As the first incorporated city in Canada, Saint John is a lively urban centre, heaped with history and brimming with culture.
Although most people associate Saint John with the Loyalists who came in droves following the American Revolutionary War, it's also one of the most Irish cities in North America.
With an area population of just over 120,000, Saint John is a small city at the mouth of the St. John River, on the north shore of the Bay of Fundy. Saint John is always written out in full, to differentiate it from St. John's, the capital city of Newfoundland and Labrador, but the name of the river is written in abbreviated form. And that's just one of the many quirks of this beautiful historical city.
The history of Saint John goes back several thousand years to when the area was first inhabited by the Passamaquoddy Nation. French cartographer Samuel de Champlain discovered the area in 1604 and in 1631; it was fortified by Charles de la Tour who named it Fort La Tour in his own honour.
The Loyalists began arriving during the American Revolutionary War from 1775 to 1783, establishing settlements in Parrtown and Carleton. In 1785, those two communities amalgamated to become the City of Saint John, making it the first incorporated city in Canada or British North America as it was known then.
The Irish immigrants began arriving on Saint John's doorstep in the early 1800s. The early arrivals were mostly tradesmen but following the Irish Potato Famine in the mid- to late-1840s, Irish immigrants arrived en masse. More than 150,000 people came to Saint John during this period - 30,000 between 1845 and 1847 alone. A quarantine station and hospital were set up to handle the large number of arrivals.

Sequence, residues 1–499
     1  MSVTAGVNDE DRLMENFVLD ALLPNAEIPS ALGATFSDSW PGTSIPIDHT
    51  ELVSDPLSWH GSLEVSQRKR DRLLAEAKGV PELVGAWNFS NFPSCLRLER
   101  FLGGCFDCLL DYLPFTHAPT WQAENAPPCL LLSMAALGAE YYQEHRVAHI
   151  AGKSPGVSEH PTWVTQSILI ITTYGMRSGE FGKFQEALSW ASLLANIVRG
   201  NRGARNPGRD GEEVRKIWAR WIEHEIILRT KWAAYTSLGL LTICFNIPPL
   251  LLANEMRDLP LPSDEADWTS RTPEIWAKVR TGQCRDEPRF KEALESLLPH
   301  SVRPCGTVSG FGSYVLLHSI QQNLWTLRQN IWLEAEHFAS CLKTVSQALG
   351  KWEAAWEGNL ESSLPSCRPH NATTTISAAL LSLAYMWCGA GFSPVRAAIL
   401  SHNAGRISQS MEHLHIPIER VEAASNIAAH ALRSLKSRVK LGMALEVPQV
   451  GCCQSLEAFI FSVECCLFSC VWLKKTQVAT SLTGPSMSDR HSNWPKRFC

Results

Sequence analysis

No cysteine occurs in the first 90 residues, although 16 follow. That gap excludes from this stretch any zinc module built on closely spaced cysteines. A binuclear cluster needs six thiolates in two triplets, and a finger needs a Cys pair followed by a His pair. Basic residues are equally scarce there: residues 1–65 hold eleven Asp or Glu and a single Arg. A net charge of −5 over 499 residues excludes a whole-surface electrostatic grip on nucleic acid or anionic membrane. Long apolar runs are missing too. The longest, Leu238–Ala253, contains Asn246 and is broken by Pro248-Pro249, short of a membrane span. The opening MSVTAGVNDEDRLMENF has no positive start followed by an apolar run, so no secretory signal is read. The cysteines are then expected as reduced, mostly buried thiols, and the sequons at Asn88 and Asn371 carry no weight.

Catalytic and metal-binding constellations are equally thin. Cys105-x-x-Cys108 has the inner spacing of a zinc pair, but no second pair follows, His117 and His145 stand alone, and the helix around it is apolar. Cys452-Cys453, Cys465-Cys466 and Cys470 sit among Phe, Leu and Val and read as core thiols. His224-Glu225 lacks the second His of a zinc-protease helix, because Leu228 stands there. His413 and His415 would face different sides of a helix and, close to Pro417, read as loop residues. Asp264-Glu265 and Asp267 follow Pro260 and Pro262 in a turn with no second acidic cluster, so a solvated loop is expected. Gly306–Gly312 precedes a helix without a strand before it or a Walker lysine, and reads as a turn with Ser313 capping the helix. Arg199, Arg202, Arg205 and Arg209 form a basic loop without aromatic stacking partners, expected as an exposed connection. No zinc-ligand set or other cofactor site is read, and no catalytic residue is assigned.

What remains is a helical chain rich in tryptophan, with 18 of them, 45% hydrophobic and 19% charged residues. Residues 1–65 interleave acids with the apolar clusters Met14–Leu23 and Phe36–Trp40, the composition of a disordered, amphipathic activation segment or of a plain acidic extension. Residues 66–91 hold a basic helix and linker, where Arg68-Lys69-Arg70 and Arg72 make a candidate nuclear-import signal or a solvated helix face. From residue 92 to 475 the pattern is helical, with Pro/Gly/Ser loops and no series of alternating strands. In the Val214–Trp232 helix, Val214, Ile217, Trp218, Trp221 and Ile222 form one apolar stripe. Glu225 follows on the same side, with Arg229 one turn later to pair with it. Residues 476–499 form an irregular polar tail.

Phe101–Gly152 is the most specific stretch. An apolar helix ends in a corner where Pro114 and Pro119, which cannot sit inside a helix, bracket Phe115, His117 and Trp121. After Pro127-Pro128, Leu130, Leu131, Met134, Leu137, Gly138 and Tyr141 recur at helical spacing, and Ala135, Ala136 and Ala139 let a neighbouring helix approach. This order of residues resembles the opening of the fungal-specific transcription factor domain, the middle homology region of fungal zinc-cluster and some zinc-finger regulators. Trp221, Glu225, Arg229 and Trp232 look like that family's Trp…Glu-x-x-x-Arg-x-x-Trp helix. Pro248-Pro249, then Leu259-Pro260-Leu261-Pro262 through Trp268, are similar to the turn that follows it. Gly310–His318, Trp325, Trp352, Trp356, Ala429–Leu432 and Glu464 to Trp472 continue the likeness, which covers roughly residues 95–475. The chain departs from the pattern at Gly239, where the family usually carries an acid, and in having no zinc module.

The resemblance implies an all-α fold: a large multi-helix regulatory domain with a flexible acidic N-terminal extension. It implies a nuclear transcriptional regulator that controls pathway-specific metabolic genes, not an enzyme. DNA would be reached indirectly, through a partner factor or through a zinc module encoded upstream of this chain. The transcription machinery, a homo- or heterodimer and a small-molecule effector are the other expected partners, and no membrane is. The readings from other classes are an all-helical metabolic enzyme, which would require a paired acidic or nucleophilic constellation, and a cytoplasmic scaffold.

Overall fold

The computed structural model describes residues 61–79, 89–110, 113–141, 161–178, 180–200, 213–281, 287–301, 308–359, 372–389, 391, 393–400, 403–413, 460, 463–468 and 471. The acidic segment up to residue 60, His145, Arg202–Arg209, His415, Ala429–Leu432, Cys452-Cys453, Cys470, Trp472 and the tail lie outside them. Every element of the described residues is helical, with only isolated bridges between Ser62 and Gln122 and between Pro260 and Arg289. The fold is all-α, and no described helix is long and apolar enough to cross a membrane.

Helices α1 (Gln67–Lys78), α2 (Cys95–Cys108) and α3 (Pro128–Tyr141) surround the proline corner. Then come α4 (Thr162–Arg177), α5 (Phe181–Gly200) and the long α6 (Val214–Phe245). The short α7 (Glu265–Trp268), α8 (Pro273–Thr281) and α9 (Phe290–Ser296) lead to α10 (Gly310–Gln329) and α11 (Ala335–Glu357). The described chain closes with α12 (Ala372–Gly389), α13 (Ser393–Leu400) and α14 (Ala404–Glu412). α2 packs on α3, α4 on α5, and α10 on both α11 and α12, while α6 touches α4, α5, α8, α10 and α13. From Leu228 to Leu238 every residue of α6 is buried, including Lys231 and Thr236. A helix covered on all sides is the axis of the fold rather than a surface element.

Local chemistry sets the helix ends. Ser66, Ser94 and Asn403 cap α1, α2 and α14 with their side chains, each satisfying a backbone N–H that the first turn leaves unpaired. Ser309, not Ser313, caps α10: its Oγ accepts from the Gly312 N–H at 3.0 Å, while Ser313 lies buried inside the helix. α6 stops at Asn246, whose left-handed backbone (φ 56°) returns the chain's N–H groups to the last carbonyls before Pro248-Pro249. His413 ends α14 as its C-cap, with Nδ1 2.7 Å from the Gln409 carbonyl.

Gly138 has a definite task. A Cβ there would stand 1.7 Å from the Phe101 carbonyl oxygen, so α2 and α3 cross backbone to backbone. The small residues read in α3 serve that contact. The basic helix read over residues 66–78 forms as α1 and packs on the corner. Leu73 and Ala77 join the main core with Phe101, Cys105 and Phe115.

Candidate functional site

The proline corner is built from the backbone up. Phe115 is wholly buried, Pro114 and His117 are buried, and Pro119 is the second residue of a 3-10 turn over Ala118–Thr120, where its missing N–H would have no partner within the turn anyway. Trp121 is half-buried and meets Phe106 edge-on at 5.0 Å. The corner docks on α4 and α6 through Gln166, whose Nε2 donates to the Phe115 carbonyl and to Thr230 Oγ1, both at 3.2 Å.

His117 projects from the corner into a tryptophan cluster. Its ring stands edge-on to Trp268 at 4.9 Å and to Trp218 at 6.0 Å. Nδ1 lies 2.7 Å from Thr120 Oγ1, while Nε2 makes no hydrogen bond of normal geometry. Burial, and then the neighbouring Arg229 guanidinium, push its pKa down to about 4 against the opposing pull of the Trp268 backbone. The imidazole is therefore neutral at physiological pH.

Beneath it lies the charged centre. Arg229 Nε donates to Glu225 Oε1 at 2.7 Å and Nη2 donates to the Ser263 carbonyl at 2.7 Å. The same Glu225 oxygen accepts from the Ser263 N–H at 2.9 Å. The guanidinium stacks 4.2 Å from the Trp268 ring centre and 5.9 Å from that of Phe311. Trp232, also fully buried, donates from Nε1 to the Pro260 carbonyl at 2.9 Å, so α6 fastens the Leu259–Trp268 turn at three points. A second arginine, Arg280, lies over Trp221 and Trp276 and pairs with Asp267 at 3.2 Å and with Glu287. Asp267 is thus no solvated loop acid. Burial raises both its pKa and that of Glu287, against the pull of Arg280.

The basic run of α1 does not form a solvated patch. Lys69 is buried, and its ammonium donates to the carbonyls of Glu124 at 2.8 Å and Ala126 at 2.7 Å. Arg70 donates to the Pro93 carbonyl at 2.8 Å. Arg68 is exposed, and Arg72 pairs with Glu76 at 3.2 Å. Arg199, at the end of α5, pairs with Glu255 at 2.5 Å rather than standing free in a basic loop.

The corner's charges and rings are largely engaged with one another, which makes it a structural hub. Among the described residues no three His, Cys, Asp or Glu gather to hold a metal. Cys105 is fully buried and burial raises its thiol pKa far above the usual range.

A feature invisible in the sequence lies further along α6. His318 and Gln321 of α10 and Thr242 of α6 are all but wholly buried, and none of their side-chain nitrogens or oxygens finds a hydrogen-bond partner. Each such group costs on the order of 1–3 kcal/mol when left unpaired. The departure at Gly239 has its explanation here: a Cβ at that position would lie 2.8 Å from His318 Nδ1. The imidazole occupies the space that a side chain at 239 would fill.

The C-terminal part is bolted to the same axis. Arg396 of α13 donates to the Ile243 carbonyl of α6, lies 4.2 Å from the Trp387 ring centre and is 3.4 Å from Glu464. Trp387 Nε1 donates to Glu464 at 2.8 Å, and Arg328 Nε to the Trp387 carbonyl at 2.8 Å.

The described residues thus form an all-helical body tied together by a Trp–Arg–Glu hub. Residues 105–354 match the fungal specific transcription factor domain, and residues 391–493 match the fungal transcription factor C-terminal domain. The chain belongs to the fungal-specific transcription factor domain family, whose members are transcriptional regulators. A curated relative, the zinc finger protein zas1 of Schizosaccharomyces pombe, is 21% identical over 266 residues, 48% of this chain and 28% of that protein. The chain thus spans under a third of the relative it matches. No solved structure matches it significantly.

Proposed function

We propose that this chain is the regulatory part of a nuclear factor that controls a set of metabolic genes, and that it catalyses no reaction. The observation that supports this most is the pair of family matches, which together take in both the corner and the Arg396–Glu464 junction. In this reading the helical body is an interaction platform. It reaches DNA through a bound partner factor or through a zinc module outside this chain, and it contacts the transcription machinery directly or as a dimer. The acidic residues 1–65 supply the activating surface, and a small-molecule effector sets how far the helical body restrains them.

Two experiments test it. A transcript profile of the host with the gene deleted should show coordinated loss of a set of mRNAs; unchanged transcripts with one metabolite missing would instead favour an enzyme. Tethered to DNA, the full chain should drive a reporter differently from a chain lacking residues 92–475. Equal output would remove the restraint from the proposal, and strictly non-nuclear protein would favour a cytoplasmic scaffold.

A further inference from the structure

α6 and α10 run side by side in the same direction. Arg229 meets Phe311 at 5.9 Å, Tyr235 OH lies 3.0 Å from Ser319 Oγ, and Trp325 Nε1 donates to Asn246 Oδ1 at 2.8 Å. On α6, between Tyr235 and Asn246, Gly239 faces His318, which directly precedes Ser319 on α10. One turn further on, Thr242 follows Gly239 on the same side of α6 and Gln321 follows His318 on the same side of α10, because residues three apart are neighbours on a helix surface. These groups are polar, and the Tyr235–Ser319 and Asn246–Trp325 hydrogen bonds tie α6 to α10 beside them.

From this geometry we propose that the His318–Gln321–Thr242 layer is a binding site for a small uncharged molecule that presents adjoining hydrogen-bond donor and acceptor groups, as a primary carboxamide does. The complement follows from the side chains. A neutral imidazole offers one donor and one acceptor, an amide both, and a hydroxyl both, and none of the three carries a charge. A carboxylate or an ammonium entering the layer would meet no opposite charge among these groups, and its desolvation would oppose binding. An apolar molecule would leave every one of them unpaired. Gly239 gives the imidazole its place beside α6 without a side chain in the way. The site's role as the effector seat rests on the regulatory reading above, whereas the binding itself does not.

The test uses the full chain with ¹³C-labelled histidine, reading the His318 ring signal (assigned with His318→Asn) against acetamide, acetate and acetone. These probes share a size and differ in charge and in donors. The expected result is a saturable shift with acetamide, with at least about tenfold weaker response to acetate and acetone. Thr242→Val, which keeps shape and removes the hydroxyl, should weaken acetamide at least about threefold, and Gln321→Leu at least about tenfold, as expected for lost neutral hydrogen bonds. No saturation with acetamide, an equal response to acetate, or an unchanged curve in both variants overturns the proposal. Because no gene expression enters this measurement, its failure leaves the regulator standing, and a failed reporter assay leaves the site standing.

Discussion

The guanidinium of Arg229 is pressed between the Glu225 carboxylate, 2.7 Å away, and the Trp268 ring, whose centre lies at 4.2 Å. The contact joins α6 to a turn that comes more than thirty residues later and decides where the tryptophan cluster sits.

By 1850, Irish Catholics were Saint John's largest ethnic group. In the census of 1851, over half the heads of households in the city registered as natives of Ireland and by 1871, 55 percent of Saint John's residents were Irish natives or children of Irish-born fathers.
Although it wasn't always by choice, newcomers to the area had found a good spot to land. Saint John was entering the industrial age and with its year-round ice-free harbour, shipbuilding would take centre stage in the city's growing industrial economy over the next century. In 1918, St. John Drydock & Shipbuilding Co. was established and began work on building the longest drydock in the world. Operating from 1923 until 2003, the facility was sold to Saint John industrialist K.C. Irving in the 1950s and built oil tankers for Irving Oil and freighters and other cargo vessels for Kent Lines, a shipping company owned by K.C. Irving. In the early 1990s Saint John Shipbuilding built nine warships for the Canadian Navy's Halifax-class frigate program but changing global economic conditions for shipbuilding left the yard with little work after the frigates were done. The facility was mothballed in 2000 and permanently closed on June 27, 2003.